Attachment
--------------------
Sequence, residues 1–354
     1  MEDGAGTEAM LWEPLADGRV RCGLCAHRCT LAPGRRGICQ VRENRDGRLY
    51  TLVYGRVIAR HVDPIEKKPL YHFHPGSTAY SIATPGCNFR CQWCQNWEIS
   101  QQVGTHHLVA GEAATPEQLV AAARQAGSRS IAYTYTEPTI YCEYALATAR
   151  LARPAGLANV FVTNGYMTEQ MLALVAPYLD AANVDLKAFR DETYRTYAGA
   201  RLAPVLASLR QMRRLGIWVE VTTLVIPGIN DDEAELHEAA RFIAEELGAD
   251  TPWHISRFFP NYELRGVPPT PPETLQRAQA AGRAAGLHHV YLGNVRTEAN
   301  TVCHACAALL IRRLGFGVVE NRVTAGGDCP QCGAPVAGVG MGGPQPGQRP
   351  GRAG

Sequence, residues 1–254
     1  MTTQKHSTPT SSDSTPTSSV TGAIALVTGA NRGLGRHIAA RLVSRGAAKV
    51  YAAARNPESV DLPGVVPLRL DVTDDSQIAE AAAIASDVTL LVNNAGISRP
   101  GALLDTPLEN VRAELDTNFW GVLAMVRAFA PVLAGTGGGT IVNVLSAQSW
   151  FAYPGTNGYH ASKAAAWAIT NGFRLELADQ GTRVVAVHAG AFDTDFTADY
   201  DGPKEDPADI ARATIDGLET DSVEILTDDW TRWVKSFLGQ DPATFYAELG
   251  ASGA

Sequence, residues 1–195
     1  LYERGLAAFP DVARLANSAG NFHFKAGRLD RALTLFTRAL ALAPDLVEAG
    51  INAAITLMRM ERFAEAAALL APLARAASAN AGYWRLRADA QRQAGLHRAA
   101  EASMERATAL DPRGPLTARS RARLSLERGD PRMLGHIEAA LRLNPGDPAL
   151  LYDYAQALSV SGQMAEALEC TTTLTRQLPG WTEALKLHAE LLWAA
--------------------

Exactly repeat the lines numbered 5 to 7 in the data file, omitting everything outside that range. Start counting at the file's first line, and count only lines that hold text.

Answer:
   151  LARPAGLANV FVTNGYMTEQ MLALVAPYLD AANVDLKAFR DETYRTYAGA
   201  RLAPVLASLR QMRRLGIWVE VTTLVIPGIN DDEAELHEAA RFIAEELGAD
   251  TPWHISRFFP NYELRGVPPT PPETLQRAQA AGRAAGLHHV YLGNVRTEAN